There has been healthy debate about Tiger's suggestion that "we need to do something about the ball", with many suggesting that an older, shorter Woods is merely hoping to negate the distance edge of younger peers.
While that's a reasonable kneejerk reaction, Wood has been on the record for over a decade that the ball doesn't spin as much and that classic courses are in danger. While he generally tip-toed around the topic, it was fairly clear how he felt: the pro game is less interesting with less spin.
I often felt he shied away from the topic in fear of sounding like someone who saw some of his skill advantage stripped away from the modern ball--though he would have been correct.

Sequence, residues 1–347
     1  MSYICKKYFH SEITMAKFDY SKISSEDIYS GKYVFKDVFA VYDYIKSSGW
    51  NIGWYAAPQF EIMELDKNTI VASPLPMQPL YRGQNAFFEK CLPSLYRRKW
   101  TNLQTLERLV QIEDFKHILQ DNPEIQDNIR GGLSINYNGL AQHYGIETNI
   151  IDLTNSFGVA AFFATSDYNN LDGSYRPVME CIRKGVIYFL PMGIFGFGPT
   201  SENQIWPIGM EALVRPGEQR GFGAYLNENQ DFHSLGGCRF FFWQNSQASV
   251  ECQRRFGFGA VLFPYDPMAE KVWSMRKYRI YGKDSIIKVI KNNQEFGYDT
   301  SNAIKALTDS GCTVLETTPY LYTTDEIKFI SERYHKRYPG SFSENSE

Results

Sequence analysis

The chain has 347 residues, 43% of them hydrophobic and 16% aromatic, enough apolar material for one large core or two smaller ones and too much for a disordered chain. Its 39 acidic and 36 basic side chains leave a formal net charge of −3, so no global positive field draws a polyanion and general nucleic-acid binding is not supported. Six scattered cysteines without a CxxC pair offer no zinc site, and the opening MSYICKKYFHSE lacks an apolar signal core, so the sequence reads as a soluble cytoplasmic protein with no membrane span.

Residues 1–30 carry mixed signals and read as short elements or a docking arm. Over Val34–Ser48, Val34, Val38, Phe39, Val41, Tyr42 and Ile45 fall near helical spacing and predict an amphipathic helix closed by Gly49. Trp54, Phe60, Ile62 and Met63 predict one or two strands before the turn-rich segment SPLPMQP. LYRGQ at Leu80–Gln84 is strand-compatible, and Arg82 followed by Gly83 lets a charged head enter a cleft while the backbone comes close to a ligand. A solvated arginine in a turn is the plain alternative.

Hey, I am one of the guys that if they did roll the ball back, it would help me out a little bit. I would have an advantage. Any long guy who hits the ball long and high would have more of an advantage because now we're having to hit longer irons in the greens, other guys are having to hit hybrids and woods, so you have an advantage.
From a personal standpoint and competitive standpoint, I won't mind them rolling the ball back because I would have an advantage.
Also, Woods included a lengthy and illuminating chapter in his 1997 Masters book earlier this year that goes into great depth about why he sees the situation not helping the sport. It is not a coincidence that he's reached a stronger conclusion than a decade ago since he's gone into golf course design.